What every American should be aware of is the part Ukraine plays in the puzzle. They should also be aware how the tentacles of the neocon portion of the American and European plutocracy is causal as opposed to just an organic populous movement.
The neocons came to recognize that the Obama-Putin tandem had become a major impediment to their strategic vision.
Without doubt, the neocons’ most dramatic – and potentially most dangerous – counter-move has been Ukraine, where they have lent their political and financial support to opposition forces who sought to break Ukraine away from its Russian neighbor.
Though this crisis also stems from the historical division of Ukraine – between its more European-oriented west and the Russian-ethnic east and south – neocon operatives, with financing from the U.S.-funded National Endowment for Democracy and other U.S. sources, played key roles in destabilizing and overthrowing the democratically elected president.
NED, a $100 million-a-year agency created by the Reagan administration in 1983 to promote political action and psychological warfare against targeted states, lists 65 projects that it supports financially inside Ukraine, including training activists, supporting “journalists” and promoting business groups, effectively creating a full-service structure primed and ready to destabilize a government in the name of promoting “democracy.”
So what is the ultimate goal of the neocons with this Ukraine crisis?
At minimum, the neocons hope that they can neutralize Putin as Obama’s ally in trying to tamp down tensions with Syria and Iran – and thus put American military strikes against those two countries back under active consideration.
Read the entire article and contrast it with the news one sees on traditional media. It will be immediately apparent that just like Americans were played on the lead up to the War in Iraq, they are being played in the Ukrainian crisis. The big difference is that the stakes are much higher. Russia is no Iraq. Russia is strong. Russia has nukes.
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Great reading and information as usual, thanks
Egberto Willies says
Thanks for the kudos.
Ann Alexander says
Wow, so this article seeks to condemn the right-wing criticism by pointing out how damaging for the country it is, then launch into the same thing that it condemns. Clearly, the author fails to comprehend the severity of the subject. Don’t be part of the problem. It is infuriating for most of us.
Look, I understand the point. It’s one thing to stand behind the government and not provoke criticism in a time of direct conflict or war. It’s another to stand idly by and watch our country stick its nose into YET ANOTHER CONFLICT that we have no reason to be getting directly involved in, while using strong war rhetoric and placing hypocritical morals of good and bad.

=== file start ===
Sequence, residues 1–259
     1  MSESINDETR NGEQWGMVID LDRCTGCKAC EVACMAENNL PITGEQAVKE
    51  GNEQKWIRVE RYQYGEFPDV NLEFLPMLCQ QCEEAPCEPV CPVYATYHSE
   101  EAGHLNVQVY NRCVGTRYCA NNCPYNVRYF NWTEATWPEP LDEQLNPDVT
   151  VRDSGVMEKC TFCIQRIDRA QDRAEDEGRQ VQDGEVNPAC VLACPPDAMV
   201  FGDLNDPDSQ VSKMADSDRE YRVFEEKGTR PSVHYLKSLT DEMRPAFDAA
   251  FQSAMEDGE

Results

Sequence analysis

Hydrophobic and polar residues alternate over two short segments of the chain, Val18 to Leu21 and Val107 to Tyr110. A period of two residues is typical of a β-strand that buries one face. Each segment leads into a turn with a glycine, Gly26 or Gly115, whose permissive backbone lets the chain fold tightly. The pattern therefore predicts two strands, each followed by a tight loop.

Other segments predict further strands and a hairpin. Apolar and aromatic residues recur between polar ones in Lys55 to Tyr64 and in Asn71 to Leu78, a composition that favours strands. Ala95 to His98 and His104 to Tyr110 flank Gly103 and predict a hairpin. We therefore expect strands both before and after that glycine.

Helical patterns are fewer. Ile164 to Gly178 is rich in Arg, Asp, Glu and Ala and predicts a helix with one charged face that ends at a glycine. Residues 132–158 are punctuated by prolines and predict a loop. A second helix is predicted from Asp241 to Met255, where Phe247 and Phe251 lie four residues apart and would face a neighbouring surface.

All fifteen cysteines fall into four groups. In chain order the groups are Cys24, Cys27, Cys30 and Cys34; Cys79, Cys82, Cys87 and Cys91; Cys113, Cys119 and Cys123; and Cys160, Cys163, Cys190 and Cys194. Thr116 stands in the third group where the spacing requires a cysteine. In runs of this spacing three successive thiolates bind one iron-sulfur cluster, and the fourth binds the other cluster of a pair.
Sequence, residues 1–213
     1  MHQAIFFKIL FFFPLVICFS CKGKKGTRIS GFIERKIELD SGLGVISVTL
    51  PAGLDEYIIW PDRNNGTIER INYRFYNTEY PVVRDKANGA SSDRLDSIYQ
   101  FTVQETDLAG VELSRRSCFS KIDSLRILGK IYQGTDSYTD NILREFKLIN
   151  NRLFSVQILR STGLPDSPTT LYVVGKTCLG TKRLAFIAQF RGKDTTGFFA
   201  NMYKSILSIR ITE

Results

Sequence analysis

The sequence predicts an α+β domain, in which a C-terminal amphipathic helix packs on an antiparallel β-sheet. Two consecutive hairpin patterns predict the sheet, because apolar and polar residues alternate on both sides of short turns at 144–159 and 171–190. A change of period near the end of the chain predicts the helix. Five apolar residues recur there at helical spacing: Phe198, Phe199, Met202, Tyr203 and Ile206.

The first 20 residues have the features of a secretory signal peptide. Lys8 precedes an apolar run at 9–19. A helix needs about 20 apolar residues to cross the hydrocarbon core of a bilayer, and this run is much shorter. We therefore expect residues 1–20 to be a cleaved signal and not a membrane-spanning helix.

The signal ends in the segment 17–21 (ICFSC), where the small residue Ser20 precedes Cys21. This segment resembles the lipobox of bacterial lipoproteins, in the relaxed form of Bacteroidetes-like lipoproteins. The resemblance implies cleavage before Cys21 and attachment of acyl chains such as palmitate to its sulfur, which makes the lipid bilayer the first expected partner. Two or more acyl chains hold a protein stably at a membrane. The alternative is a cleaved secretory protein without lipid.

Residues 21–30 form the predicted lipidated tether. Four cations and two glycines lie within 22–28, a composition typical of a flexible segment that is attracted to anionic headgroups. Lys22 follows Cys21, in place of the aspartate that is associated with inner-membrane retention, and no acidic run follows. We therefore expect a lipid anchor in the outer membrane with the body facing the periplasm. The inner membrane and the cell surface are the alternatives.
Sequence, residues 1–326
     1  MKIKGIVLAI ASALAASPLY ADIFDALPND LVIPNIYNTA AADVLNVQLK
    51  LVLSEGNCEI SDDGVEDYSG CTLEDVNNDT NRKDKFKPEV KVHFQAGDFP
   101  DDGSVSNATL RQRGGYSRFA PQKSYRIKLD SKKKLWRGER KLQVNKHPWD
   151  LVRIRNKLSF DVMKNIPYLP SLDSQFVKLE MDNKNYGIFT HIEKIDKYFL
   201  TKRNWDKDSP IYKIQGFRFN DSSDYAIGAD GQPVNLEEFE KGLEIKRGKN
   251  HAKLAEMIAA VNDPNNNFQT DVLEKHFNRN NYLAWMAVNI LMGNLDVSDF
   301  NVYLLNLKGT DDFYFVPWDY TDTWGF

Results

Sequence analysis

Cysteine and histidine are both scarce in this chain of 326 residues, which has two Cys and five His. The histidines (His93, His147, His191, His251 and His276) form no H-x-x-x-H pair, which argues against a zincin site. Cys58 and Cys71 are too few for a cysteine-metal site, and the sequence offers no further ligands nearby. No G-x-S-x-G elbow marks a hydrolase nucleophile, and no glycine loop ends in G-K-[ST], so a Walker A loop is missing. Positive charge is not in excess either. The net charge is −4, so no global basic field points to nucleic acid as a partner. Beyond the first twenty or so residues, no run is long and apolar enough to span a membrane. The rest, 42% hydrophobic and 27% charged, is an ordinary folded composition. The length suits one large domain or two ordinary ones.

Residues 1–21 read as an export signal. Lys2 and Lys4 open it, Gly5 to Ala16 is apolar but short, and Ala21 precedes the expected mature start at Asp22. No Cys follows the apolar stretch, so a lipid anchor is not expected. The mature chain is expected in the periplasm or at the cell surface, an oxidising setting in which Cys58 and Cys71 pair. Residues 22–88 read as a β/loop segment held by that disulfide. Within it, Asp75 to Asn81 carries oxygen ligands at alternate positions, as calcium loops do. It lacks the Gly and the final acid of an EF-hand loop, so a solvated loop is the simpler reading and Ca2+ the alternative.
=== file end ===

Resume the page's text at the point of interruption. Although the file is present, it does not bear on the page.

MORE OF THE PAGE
You want a good read on the subject? Google Kissenger’s op/ed piece, “How the Ukraine Crisis Ends,” from the Washington Post, Dated May 5th. Make sure, if you read this, to keep track of how many times direct US involvement comes up. He is the first person to even hint at the complete failure of the EU in this crisis (and the EU’s responsibility to clean it up).
Egberto Willies says
Why would I want to read Kissinger my friend. He is the problem. Don’t you understand the duality of US policies for generations? the version Americans hear and the reality the rest of the world experience. I am speaking from experience sir.
Ann Alexander says
I am not the biggest fan of Kissinger, but he lays out the issues pretty succinctly, and gives very realistic solutions on how to end the crisis diplomatically. I understand your experience, but in your experience you surely understand the importance of looking at all sides to get a more well-rounded understanding, I’m sure. This has nothing to do with the complex duality of US foreign relations and policies. This is nothing we should get involved in, period (by the way, where do you think that billion in aid will go? How much debt does Ukraine directly have with Russia? hmm?). Our direct involvement in this is a huge mistake.
Ann, by the way, is definitely not a man’s name.
Egberto Willies says
I am so sorry Ann. The word is mam.
It seems to me that we are mostly in agreement. I want no involvement. I will look up Kissinger’s piece. Thanks for reading and your positive engagement.